A well designed spoon blank is just that, it is all soft slopes between side and end grain, and what end grain is perpendicular to the side grain is kept to a bare minimum.”

-- You've got to be smarter than the tree.

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jdh122

885 posts in 2323 days


#9 posted 12-12-2016 10:58 AM

Normally there is not a problem with the wood cracking, although I have lost one bowl to cracking (but the wood was a bit wonky). Just need a way to slow down the drying a bit – I’ve used the potato method with a lot of success, some just let it dry in a place that’s not too warm or dry, and others use a microwave. Never had a spoon crack – normally the bowl of the spoon’s not very abrupt (as Picklehead’s post explains) and the walls of the piece are thin.

-- Jeremy, in the Acadian forests

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Karda

117 posts in 59 days


#10 posted 12-12-2016 07:02 PM

thanks, that makes sense, I saved the article from Pinewood Forge I’ll read it later thanks. one other question, what common woods are good for spoons, I know some woods can give a disagreeable taste to food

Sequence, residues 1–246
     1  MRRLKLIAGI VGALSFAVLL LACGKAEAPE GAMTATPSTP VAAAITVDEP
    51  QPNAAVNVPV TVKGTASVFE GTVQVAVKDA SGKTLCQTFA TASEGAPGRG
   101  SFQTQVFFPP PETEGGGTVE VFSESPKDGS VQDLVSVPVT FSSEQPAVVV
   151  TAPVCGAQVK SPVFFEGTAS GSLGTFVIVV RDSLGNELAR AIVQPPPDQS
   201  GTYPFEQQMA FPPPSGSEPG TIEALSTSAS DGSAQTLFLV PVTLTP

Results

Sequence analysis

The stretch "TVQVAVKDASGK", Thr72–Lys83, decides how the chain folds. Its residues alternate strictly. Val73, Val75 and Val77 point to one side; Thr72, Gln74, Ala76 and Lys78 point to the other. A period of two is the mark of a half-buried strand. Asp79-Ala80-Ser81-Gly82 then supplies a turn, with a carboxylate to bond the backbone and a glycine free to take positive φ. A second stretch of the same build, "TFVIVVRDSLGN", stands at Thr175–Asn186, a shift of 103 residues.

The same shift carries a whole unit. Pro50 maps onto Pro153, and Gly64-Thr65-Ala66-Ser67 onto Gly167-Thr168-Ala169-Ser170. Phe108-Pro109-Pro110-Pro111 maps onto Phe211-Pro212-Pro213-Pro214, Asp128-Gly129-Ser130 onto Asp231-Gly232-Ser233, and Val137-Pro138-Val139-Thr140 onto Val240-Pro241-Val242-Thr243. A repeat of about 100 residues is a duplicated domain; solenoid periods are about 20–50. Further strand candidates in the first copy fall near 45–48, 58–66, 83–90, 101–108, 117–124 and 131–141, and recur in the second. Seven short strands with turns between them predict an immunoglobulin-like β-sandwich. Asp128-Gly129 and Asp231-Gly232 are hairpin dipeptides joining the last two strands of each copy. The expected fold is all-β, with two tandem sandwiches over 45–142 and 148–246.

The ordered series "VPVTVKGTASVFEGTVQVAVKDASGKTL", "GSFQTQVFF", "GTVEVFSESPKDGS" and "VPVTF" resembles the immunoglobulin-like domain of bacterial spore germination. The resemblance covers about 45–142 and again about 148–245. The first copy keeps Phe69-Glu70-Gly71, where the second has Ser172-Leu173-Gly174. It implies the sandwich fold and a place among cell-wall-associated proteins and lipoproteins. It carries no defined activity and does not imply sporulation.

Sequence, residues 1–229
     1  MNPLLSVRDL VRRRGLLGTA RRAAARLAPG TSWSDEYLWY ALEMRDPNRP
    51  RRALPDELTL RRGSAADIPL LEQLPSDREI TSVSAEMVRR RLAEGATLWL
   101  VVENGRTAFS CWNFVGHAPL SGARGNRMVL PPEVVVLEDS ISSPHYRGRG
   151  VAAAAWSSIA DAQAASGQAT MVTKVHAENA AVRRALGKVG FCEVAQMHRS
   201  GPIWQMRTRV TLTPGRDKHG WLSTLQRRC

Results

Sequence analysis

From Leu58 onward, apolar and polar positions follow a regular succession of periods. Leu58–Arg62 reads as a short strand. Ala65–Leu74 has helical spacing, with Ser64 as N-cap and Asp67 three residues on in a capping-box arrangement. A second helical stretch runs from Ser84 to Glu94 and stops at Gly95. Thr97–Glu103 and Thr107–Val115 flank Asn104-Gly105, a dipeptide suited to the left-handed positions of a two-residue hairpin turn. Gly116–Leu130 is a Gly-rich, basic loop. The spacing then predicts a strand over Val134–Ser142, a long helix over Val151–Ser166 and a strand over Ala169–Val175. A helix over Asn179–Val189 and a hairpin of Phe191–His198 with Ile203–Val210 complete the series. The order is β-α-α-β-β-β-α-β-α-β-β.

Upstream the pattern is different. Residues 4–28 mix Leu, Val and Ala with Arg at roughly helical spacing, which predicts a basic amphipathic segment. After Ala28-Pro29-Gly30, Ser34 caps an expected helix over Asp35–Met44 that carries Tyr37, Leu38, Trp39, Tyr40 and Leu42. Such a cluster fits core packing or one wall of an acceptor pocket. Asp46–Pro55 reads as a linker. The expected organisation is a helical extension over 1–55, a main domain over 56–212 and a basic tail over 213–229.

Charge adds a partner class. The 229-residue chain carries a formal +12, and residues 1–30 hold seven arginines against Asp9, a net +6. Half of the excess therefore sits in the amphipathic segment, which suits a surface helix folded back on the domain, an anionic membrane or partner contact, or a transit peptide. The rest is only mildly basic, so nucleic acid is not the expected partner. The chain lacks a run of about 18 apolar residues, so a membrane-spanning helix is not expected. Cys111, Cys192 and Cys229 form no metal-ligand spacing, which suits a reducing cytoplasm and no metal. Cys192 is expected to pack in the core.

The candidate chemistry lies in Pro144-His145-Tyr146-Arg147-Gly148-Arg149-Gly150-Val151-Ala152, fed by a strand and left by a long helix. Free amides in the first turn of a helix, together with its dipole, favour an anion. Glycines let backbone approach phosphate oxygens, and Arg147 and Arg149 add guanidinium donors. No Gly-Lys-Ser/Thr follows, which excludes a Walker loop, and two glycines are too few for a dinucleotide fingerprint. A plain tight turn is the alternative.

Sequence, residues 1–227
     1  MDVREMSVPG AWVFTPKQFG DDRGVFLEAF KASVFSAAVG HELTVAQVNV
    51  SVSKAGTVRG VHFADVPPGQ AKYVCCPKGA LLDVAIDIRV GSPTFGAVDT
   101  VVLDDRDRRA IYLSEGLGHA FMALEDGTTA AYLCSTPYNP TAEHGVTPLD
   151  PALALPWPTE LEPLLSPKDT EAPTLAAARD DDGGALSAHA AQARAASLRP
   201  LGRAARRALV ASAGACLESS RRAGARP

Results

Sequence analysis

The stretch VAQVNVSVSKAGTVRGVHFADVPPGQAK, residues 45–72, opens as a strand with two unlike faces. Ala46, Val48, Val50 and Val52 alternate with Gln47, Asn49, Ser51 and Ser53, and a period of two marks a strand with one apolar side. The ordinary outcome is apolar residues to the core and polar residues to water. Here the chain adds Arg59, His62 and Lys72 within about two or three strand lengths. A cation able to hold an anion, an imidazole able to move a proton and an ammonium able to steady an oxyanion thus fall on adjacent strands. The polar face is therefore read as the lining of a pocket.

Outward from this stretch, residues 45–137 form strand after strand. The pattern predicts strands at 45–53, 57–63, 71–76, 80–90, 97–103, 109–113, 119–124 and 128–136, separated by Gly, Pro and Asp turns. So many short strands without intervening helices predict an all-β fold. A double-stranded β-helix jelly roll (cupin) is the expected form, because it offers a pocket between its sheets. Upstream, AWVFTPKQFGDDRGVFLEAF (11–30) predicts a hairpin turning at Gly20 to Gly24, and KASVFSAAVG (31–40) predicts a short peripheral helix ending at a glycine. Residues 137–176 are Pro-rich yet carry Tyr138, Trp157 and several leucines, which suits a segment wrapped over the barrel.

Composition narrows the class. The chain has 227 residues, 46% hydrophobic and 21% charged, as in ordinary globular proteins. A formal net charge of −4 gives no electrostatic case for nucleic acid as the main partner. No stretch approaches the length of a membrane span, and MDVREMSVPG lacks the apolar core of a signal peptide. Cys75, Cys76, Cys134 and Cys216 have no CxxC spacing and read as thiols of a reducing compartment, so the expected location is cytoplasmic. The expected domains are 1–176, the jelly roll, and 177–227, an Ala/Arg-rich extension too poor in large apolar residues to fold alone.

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Picklehead

1028 posts in 1435 days


#11 posted 12-12-2016 07:41 PM

Birch, cherry, maple, walnut (may cause taste or allergy issues) are the ones I use because they are readily available both green (from my property) or as offcuts from mills or cabinet/furniture shops. Might check with sawmills or people with portable bandsaws for offcuts of sapwood, etc. Nice spoons can come from sapwood/heartwood combinations that are frequently cut off before kiln drying.

-- You've got to be smarter than the tree.

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Karda

117 posts in 59 days


#12 posted 12-12-2016 08:19 PM

ok thanks

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jdh122

885 posts in 2323 days


#13 posted 12-13-2016 06:03 AM